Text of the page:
I really did not enjoy the Janet Reno Dance Party sketch as most of the bit relies on laughing at how masculine Reno was perceived to be. I did appreciate the part where she is haunted by her role in the deaths of the people in Waco, Texas. But this sketch has aged like milk. Reminding us that God hates us, we get a Mr. Peepers sketch with Chris Kattan showing us his particular brand of “comedy.” There’s a Joe Pesci Show bit where the joke is how Dennis Rodman is bad for “looking weird,” and he gets beaten with baseball bats by Pesci and Al Pacino. The only sketch I found myself liking was one at the end where Ana Gasteyer is a wealthy woman that keeps droning on to a repairman until he snaps. Overall, a lot of weird homophobic/transphobic vibes from this episode.
Season 23 saw the departure of Mark McKinney and the addition of Colin Quinn to the main cast, primarily as Norm MacDonald’s replacement on Weekend Update in January. MacDonald was still on the show, but controversy led to Lorne demoting him from the desk. MacDonald would leave in March before the season was over. The season kicks off with a pretty damn good episode hosted by Sylvester Stallone. Stallone plays himself in three of the sketches, but every single one displays what a great sense of humor he seems to have about himself. My favorite sketch and one of the funniest during this whole watch-through is the car accident bit where Stallone rushes over to be with a couple who have just been in an accident. While waiting for the police, the man (played by MacDonald) fights through his pain to talk about all the bad movies Stallone has made.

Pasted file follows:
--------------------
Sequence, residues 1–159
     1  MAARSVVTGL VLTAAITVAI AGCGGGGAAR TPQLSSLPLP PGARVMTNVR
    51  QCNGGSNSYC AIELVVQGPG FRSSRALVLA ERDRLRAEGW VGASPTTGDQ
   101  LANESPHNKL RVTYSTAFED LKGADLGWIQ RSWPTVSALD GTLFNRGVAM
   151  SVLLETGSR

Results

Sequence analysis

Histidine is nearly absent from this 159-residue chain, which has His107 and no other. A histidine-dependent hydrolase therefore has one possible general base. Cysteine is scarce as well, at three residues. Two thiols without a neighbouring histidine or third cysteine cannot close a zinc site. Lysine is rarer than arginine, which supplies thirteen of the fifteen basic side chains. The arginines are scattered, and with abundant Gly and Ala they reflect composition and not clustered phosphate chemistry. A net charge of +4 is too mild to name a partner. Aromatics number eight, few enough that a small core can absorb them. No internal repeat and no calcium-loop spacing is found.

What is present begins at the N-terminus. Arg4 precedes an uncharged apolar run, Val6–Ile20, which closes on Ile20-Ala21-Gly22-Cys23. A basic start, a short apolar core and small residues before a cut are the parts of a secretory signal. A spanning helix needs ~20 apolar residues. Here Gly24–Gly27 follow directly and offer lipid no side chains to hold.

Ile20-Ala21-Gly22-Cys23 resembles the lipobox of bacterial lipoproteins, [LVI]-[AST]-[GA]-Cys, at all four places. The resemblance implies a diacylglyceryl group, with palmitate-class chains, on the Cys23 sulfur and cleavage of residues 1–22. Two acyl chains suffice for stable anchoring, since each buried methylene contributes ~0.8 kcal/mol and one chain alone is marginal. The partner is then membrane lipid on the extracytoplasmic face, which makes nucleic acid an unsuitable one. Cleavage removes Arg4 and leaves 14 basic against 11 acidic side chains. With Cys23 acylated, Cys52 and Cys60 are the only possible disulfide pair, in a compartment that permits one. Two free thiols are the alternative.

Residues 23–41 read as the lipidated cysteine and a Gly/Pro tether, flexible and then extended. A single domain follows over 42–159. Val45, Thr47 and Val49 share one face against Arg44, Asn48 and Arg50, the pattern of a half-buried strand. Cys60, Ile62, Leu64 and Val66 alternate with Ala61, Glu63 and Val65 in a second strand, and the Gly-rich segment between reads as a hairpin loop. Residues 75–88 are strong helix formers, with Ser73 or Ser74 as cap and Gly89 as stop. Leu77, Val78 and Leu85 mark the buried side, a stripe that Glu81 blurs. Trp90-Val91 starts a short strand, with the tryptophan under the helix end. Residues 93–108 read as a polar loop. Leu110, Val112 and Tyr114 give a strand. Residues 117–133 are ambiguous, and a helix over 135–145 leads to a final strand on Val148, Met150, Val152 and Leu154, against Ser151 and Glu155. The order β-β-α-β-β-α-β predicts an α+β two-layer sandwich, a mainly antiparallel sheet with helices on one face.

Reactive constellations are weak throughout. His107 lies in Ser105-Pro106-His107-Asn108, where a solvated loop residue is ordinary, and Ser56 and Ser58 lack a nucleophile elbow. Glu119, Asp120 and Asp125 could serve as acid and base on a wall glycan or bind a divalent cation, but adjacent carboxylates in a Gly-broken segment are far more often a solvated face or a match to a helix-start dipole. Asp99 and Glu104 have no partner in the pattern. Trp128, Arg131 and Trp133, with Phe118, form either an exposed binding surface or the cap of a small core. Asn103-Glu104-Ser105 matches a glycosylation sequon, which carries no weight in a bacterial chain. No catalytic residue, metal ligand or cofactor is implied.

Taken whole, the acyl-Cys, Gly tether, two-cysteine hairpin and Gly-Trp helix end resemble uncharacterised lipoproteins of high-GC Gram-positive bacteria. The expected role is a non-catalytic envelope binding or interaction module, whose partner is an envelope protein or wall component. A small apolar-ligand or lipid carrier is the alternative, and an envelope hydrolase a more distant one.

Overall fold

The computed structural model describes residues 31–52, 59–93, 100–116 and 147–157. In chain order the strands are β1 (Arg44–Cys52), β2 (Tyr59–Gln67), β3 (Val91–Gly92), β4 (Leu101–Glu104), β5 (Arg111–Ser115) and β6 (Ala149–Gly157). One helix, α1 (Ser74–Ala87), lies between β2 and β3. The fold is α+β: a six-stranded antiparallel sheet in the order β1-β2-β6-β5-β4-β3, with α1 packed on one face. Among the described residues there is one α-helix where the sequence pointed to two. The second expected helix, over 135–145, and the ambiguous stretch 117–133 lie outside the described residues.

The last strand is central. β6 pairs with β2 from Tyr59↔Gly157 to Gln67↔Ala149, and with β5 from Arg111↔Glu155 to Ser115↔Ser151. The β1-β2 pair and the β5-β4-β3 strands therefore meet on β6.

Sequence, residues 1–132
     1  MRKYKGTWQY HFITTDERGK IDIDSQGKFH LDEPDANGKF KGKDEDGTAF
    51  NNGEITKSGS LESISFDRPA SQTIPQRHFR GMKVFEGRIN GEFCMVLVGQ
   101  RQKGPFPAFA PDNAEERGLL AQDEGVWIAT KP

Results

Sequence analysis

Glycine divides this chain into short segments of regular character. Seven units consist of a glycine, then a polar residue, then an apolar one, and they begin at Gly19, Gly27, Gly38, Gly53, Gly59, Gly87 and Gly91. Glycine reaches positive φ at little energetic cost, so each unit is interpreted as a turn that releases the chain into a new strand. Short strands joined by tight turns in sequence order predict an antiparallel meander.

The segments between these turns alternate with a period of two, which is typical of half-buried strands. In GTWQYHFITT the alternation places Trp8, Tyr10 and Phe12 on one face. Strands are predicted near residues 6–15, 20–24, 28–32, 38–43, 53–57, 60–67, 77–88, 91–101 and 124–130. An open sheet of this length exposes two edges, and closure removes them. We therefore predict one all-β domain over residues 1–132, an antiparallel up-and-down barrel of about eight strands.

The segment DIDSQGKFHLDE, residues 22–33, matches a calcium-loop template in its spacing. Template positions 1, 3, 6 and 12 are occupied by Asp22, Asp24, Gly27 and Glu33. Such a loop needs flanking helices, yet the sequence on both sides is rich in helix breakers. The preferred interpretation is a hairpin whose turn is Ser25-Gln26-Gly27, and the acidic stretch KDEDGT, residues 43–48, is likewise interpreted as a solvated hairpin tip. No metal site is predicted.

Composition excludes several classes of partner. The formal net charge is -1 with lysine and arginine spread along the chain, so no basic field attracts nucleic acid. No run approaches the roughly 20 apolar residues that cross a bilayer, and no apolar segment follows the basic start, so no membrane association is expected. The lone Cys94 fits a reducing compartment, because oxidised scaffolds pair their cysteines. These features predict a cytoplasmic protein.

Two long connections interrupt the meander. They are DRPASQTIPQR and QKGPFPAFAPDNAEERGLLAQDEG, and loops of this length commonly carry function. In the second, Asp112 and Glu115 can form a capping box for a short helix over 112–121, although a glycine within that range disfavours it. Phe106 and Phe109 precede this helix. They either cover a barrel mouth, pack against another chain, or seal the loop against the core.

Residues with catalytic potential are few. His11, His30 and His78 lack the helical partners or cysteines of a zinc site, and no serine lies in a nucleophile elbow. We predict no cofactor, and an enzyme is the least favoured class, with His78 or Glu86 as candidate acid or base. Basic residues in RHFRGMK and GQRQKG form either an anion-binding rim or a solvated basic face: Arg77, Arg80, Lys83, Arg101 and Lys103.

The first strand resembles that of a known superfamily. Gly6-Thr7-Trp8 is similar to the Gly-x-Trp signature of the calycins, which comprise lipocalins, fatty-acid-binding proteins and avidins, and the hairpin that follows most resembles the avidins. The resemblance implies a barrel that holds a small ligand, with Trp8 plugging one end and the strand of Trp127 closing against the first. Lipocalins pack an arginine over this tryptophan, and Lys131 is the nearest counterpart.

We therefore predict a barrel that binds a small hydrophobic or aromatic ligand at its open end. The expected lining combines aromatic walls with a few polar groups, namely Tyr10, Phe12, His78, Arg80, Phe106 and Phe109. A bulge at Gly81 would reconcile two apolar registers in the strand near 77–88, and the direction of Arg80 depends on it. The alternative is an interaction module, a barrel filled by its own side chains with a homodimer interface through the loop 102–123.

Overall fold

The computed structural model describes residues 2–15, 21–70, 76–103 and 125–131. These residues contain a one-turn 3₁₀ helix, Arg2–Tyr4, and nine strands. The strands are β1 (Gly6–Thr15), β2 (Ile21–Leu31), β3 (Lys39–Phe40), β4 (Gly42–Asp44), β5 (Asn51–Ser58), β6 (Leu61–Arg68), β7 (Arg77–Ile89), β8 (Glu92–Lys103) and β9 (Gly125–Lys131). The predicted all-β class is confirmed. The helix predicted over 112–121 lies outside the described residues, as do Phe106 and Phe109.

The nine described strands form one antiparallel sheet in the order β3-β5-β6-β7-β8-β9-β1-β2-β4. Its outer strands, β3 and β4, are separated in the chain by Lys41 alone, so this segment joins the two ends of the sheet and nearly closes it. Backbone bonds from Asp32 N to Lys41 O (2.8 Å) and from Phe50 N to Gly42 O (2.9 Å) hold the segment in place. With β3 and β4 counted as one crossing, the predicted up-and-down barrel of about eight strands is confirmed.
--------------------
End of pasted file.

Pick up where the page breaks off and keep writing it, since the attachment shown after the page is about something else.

There’s a cold open with Oprah (Meadows) interviewing Marv Albert (MacDonald), which only really serves to remind us how long it would be until a Black woman would be a cast member again. Next, we get a Rita Delvecchio sketch, so depending on how you feel about Cheri Oteri, your mileage may vary. Next, on Update, Cinder Calhoun (Gasteyer) stops by giving her Lilith Fair brand stand-up comedy. I seriously think Gasteyer is one of the underrated members of the cast. She had really great characters that were more than a look and a catchphrase. Finally, Jim Breuer manages to make his obnoxiousness work in a sketch with Stallone being stopped by fans at a Planet Hollywood restaurant. I would say of everything I watched to this point, this was the closest to being a wholly satisfying episode.
God finally blessed us by having Jim Breuer not on the show anymore, and no one was added to the main cast. In the featured cast, there were some people you may have heard of: Jimmy Fallon, Chris Parnell, and Horatio Sanz. The Lucy Lawless episode has what might be the best cold open political sketch I have ever seen on SNL, one that actually doesn’t pull its punches. This episode came out just before the 1998 midterms, where the Republicans realized their bid to impeach Bill Clinton was not gaining them the numbers they had hoped. So the leadership of the GOP (played by Hammond, Ferrell, Oteri) goes about hypnotizing the viewers into forgetting all of this. They even comment that after years of defunding schools, it’s not like people can learn history anyway. I was honestly shocked at how perfect this sketch was, and I suspect Adam McKay may have had a hand in it.